Yes I am Still Here!
04/01/2014 55 °F
After leaving Varanasi, I travelled 17 hours on yet another train to West Bengal to begin Part 3 of my Indian Soul Travel. India and I were back together and stronger than ever after a beautiful visit in Varanasi. So strong in fact, that she was able to convince me to travel Sleeper Class (as in 2nd class, as in not First Class) on this trip.
The first 10 hours were a breeze. I boarded @6am and it wasn't until nightfall when the roaches decided to wallpaper the train and seats that I had to use every Yogic bone in my body to not jump off the moving train.
"Roaches are really interesting creatures" I lied to myself. "They must be important to the ecological function of this world because they've been on Earth for so long. Without roaches something would be amis."
Thoughts like this were my mantra for the remaining hours of my ride. I did have some comic relief to take my mind off the roaches whenever the trannies passed through the train car. Every 2 hours or so, at least 5-6 transgendered Indians, dressed like they were on their way to Tuesday Night Drag Queen Bingo, stormed through the aisle of the train with antics straight off an episode of Ru Paul's Drag Race. They used their feminine charm on all the single men to ask for money....Maybe the down payment for that final sex change surgery????
No, in all seriousness, at the time of writing this, transgendered Indians won a Supreme Court battle which makes India the first country to recognize transgenders as a "third gender!" The win grants them eligibility for government assistance with jobs, education and social services. text to link here...
I really wanted to "kiki" with them; get a pic, have a Chai and a mind's eye but I was too afraid to ask (they aren't as friendly to women and in their defense the vice versa is true) so you'll have to use your imaginations as to what that scenario looked like. Anyway, with the help of the trannies and my Roach Mantras I made it to the other side of my train journey.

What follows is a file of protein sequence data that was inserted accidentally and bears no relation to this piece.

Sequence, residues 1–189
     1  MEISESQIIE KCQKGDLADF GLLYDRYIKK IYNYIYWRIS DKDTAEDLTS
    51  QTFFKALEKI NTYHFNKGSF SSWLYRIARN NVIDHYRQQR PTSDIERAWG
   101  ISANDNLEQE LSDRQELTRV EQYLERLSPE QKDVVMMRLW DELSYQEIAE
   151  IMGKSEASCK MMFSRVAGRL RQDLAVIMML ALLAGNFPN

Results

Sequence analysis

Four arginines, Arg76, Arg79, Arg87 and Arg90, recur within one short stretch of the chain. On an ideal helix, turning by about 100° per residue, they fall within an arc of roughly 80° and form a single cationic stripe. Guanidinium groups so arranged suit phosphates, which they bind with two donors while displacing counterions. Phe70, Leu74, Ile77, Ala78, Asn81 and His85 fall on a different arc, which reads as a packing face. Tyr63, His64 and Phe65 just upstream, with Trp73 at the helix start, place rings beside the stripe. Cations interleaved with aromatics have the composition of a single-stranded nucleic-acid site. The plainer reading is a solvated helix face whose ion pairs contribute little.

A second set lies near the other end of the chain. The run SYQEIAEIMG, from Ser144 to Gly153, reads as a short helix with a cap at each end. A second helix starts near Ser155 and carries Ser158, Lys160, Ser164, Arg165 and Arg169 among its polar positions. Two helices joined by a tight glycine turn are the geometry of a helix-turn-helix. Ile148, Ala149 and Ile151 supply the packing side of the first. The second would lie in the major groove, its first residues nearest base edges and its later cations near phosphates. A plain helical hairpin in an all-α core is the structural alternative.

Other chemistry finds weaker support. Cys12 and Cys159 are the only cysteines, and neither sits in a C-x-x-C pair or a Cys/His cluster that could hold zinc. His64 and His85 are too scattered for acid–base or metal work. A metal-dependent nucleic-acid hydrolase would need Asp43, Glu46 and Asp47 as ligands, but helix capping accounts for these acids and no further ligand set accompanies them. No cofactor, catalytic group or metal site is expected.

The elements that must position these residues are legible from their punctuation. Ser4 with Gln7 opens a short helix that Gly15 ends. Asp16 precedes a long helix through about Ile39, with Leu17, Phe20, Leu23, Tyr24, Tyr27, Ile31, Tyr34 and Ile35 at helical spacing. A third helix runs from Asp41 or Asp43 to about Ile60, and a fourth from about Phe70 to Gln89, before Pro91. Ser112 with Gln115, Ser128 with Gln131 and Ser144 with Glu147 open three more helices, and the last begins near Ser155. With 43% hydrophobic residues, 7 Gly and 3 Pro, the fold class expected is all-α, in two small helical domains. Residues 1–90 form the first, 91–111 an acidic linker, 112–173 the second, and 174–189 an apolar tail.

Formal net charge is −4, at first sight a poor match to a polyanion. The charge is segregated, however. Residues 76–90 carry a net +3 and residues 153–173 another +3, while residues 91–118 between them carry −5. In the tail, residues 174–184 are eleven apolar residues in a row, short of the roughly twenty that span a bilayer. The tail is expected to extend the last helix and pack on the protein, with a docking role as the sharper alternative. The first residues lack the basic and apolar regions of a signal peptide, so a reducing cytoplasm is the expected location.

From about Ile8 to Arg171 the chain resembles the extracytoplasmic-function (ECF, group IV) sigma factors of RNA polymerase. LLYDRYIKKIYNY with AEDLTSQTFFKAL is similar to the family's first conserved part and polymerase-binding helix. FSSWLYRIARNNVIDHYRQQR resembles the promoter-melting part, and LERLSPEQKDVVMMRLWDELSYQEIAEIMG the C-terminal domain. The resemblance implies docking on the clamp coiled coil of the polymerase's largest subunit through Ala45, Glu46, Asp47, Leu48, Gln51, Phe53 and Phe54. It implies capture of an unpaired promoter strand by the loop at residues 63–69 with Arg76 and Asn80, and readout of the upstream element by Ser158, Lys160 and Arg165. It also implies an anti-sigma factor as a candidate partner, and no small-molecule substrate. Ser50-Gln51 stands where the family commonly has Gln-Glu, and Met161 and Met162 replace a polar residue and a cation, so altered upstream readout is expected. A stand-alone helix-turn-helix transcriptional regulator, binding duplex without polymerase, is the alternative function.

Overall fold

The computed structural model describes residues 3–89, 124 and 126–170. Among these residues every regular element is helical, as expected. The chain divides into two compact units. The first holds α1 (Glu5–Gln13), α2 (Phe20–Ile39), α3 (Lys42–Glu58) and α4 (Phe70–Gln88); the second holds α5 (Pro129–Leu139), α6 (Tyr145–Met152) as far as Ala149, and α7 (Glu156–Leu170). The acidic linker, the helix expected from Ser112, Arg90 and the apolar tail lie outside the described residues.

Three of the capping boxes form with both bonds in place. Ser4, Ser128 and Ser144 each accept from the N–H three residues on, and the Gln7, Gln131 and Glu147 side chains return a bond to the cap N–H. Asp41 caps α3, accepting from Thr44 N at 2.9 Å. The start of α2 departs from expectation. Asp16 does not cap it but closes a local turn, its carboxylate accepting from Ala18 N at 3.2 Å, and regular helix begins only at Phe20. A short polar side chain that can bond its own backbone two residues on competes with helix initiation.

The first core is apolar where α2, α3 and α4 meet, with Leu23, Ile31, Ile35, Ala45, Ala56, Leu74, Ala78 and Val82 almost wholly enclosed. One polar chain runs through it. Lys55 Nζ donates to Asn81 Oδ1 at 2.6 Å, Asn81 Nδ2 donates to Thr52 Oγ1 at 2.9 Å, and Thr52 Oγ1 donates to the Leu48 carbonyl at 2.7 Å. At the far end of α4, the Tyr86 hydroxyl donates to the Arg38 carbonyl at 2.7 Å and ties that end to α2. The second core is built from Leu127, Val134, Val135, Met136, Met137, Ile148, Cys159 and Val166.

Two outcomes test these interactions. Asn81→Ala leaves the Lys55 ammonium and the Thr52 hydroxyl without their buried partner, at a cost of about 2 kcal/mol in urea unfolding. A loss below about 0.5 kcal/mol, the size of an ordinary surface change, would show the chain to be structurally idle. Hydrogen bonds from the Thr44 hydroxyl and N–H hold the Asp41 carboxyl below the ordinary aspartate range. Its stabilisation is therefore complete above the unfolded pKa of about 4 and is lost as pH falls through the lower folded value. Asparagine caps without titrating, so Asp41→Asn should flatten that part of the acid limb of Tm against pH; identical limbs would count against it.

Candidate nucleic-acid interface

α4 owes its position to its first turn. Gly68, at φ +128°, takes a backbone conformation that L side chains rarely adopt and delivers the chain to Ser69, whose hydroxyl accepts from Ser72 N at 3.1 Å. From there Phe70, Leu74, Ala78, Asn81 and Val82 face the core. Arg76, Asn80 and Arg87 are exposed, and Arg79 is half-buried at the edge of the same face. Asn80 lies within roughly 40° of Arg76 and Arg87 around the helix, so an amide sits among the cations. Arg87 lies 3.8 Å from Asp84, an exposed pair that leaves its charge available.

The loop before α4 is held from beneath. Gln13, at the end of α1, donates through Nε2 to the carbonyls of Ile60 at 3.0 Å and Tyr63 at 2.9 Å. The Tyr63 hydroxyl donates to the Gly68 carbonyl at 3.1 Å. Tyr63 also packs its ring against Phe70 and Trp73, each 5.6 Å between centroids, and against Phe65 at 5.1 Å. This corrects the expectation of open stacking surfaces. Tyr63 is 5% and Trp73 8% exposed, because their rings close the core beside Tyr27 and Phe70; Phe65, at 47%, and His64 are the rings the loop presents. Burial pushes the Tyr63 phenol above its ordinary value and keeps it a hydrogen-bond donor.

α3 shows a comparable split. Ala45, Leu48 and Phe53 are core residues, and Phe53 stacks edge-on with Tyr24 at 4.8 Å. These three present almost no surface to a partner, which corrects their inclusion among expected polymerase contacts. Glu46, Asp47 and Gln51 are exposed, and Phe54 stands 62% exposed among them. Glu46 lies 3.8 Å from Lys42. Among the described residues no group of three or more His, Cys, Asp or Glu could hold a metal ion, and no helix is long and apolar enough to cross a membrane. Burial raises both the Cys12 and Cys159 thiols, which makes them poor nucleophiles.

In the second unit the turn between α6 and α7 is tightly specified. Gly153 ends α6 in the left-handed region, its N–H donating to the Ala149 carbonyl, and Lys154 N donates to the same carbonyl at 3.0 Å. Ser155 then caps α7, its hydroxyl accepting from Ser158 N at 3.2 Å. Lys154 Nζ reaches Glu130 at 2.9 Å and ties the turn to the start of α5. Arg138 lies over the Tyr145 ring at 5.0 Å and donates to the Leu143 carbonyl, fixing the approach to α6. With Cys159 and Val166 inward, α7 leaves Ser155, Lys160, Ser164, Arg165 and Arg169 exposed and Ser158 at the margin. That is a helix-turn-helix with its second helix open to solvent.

I arrived late in the evening, so I waited till morning to ride 5 hours North into the mountains with at least 17 people in a 10 passenger Jeep towards Darjeeling, my new home for the next month. We passed this sign on the way and I had to laugh out loud as I looked to the back of the Jeep to see 16 other bodies squashed atop each other.
I am happy to report that in this part of India the trash has been reduced in half and there is still littering in the the streets but in nicer, neater piles.
The rickshaws have been replaced by Jeeps to better face to mountainous terrain.
The mountain air is so much cleaner! Although India doesn't believe in Smog Checks so when riding in the Jeeps you still suffer from the toxic smell of car exhaust. The faces have changed from brown in color with sharp noses and brow bones to fairer, flatter Mongolian features.
Buddhist prayer flag color the hill stations.
Bamboo trees are everywhere and every view is spectacular!
Unfortunately, it is FREEZING! Okay, maybe not freezing, but I live in LA now and Las Vegas before that, so anything below 65 degrees is pushing it. I suppose this is my Karma for sending all those beach and palm tree Snapchats to my friends and family suffering through Chicago winters. By Day 2 in Sukhia Pokhri I was sick and borrowing winter clothes of my host family.
But I was taken care of! Mothers in every country know exactly what you need!
All in all, relative to any other city I've visited in India, there is a much calmer, cleaner and more serene pace to life... and the boys are cuter! The men unfortunately, not so much. Somehow after 30, many age into haggered versions of their younger selves complete with bellies anywhere from 4-9 months pregnant.